2014 may very well go down as the year of open data. The federal government passed the Open Data Act back in May. Major cities like Los Angeles and Philadelphia hired Chief Data Officers. And many states like Maryland and New York followed suit.
But the push for governments to open data sets does have a cost: costs in personnel; heightened susceptibility to cybertheft; high cost of compliance with open data standards; and public scrutiny of decision-makers.
In a recent piece by Brookings author Kevin Desouza, he wrote, “Agencies at all levels of government are investing in open data programs but there is little research on the utility of these programs in terms of increasing transparency, collaboration, or participation. Large variation in open data policies makes such evaluations extremely complicated. Apples to apples comparisons of open data policies are difficult because federal, state, and local level governments have distinctive operational and infrastructural constraints.”
Desouza, Associate Dean for Research at the College of Public Programs at Arizona State University, told Chris Dorobek on the DorobekINSIDER program that although data can be very powerful, it is only useful if it’s used.
The benefits of open data are well reported. Open data allows agencies to be much more transparent. Open data also allows the public to see how a given operation or a given agency undertakes critical activities to manage the public good.
But Desouza noted the value of open data doesn’t end with transparency. “In the near future, we will see the data conversation shift from merely transparency, to ‘how does open data generate economic value?’”
One of the most talked about open data success stories is NOAA’s weather data being used to create the backbone of the Weather Channel. Just last year, the Weather Channel sold to NBC for $3.5 billion dollars. But not all open data stories result in a $3.5 billion dollar pay day.
While there are some organizations that are trying to leverage Transportation Department data to build products and services, Desouza admits, “those organizations are few and far between right now.”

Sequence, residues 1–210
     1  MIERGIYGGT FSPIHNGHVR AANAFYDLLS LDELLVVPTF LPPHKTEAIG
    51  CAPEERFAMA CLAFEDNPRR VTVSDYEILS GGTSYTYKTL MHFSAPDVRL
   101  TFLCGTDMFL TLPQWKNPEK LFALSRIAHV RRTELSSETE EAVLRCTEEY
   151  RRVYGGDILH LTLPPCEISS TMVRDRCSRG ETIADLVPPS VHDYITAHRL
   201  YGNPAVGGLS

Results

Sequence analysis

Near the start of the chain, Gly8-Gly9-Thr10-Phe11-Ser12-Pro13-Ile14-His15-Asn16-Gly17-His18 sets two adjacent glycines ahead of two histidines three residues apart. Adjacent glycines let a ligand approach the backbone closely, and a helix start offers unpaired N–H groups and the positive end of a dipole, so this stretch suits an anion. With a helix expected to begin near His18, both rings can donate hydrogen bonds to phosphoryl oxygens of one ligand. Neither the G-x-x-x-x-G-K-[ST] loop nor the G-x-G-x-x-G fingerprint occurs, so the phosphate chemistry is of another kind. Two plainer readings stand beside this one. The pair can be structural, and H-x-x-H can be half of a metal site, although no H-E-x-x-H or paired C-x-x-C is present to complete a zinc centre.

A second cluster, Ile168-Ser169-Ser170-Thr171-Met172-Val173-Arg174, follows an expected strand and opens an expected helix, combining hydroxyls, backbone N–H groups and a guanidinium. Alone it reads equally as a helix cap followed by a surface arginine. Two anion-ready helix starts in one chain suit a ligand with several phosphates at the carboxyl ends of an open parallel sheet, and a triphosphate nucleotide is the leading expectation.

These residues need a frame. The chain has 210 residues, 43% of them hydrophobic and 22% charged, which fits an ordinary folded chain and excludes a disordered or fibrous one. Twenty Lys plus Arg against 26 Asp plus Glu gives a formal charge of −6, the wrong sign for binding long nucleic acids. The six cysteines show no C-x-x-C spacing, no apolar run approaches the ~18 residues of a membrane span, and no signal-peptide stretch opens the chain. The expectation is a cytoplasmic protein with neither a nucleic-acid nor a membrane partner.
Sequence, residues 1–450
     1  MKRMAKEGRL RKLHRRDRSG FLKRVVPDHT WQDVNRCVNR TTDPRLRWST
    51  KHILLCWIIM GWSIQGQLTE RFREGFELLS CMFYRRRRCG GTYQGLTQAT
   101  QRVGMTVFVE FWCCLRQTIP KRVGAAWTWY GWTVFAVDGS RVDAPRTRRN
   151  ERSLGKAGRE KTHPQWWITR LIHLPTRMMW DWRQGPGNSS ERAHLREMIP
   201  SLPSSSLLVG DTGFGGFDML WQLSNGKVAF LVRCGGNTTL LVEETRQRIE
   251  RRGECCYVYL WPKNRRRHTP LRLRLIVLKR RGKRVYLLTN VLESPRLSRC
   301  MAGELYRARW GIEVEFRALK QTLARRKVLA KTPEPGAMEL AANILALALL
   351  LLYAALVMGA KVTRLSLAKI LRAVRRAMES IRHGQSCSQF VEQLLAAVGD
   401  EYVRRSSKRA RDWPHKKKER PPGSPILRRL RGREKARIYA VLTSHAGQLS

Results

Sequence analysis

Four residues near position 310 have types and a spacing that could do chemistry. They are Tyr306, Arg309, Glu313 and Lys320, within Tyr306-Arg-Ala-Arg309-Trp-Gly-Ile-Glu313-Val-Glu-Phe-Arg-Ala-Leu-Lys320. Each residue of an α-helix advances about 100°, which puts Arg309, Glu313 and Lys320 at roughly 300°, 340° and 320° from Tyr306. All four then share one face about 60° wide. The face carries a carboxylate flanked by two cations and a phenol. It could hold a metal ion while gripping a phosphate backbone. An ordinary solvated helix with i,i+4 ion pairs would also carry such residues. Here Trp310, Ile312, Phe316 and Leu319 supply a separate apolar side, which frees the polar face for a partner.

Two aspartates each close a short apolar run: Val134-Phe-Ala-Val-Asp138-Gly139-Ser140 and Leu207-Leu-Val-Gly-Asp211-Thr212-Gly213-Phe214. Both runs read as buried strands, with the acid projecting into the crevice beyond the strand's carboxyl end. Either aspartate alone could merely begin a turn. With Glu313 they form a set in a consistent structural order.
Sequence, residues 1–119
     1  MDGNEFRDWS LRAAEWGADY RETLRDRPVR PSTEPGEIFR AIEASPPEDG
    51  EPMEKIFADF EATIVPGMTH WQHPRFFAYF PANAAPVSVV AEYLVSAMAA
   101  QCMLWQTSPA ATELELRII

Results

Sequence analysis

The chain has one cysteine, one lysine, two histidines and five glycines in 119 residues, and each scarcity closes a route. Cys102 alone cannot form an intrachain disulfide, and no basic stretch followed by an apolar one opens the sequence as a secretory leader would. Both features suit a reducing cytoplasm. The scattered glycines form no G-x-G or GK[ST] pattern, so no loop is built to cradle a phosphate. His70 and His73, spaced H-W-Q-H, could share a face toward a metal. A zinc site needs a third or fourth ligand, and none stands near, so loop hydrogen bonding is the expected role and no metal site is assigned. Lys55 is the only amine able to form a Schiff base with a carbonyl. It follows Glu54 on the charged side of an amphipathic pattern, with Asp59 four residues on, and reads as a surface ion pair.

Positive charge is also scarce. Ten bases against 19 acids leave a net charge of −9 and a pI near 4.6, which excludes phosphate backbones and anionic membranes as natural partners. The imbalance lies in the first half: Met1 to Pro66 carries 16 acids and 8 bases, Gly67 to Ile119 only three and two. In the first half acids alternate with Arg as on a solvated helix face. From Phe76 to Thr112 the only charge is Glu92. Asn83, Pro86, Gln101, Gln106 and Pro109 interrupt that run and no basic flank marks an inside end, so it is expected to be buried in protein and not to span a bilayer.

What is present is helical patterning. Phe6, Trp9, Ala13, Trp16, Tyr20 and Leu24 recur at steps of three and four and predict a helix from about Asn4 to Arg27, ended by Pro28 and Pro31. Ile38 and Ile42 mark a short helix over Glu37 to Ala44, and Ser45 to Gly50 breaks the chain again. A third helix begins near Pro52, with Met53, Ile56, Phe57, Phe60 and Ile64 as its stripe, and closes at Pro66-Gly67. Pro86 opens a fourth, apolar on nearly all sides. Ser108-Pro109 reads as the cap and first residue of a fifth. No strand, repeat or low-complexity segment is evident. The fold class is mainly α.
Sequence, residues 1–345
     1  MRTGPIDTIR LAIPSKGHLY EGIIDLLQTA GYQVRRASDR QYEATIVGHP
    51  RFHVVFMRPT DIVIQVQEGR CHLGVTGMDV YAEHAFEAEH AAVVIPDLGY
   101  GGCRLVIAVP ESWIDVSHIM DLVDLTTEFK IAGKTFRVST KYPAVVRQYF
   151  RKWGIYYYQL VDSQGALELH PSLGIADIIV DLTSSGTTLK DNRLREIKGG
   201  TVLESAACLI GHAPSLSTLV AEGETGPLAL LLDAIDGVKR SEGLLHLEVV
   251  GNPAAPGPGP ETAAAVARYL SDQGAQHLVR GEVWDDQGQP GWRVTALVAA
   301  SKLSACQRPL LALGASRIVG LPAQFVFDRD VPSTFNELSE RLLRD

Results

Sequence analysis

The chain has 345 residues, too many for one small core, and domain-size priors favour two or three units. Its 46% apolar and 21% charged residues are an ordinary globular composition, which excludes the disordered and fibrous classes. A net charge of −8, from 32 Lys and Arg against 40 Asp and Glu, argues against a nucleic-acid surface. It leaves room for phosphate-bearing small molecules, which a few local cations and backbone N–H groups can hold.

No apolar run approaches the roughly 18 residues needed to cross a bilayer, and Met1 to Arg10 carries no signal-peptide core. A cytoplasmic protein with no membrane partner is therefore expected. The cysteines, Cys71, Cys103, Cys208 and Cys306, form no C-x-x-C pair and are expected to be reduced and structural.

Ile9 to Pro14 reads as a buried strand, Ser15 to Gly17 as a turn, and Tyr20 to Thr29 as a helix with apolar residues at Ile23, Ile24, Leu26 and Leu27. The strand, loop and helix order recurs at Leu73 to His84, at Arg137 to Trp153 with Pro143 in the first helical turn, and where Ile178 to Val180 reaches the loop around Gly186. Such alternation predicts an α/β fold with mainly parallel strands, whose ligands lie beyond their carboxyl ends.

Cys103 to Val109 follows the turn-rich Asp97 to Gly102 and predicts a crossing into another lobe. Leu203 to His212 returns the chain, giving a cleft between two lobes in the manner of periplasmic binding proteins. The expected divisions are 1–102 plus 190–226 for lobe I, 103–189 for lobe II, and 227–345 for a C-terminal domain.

While many organizations are pushing for more government data to build products, many openness advocates are hoping to make the government a bit more transparent.
But figuring out how open data translates to improved transparency can be challenging. “We are trying to ascertain how much transparency value making data open actually derives,” answered Desouza. “It is quite hard to quantify because on the one hand you have the argument that all agencies by default are trying to make data open. That alone should increase the level of transparency and trust in government. However, a lot of the data that’s being made open is not being used.”
So the question becomes is open data moving the needle on transparency? Or is open data just another expectation? “One of the defaults has been to use the Freedom of Information Act to request data for a particular purpose. Now, with data just being made open by default, I think there is an expectation that all agencies need to do this,” said Desouza.
Another challenge to quantifying the value of open data is that open data is a ubiquitous term. “Open data means very different things depending on who you are talking to. To the average city manager, open data is about making it known how are public funds being used. To an elected official, open data is more about holding the public managers accountable for their agencies. To the private entrepreneur, open data is about trying to get at data that can actually augment current public services and create new opportunities,” said Desouza. “Everyone is trying to grasp at this open data from extremely different angles. Until we have a fair amount more of activity in this area, I think we are going to grapple with these issues.”
Arizona State University has decided to tackle the value question in their new state budgeting project. The university has embarked on an experimental project to make data on the Arizona state budget open and accessible.
“All of that data is open and available. But retrieving it, getting it into a form that’s presentable, and interactive, has been a huge challenge,” said Desouza. “But it is also a big opportunity because we have the ability to use computational algorithms to make data presentable, interactive. We can give the average Joe the ability to drill down, drill up. The tool will allow policy makers to actually understand the tradeoff implications as they make decisions around the Arizona budget. One of the real opportunities around open data is to move from a model of static decision making to more interactive and real time decision making.”
It’s that ability to make real-time decisions that is alluring to managers. “Data can drive decisions rather than using egos or biases. A lot of the data that is being made open is raising awareness on how governments have made decisions,” said Desouza.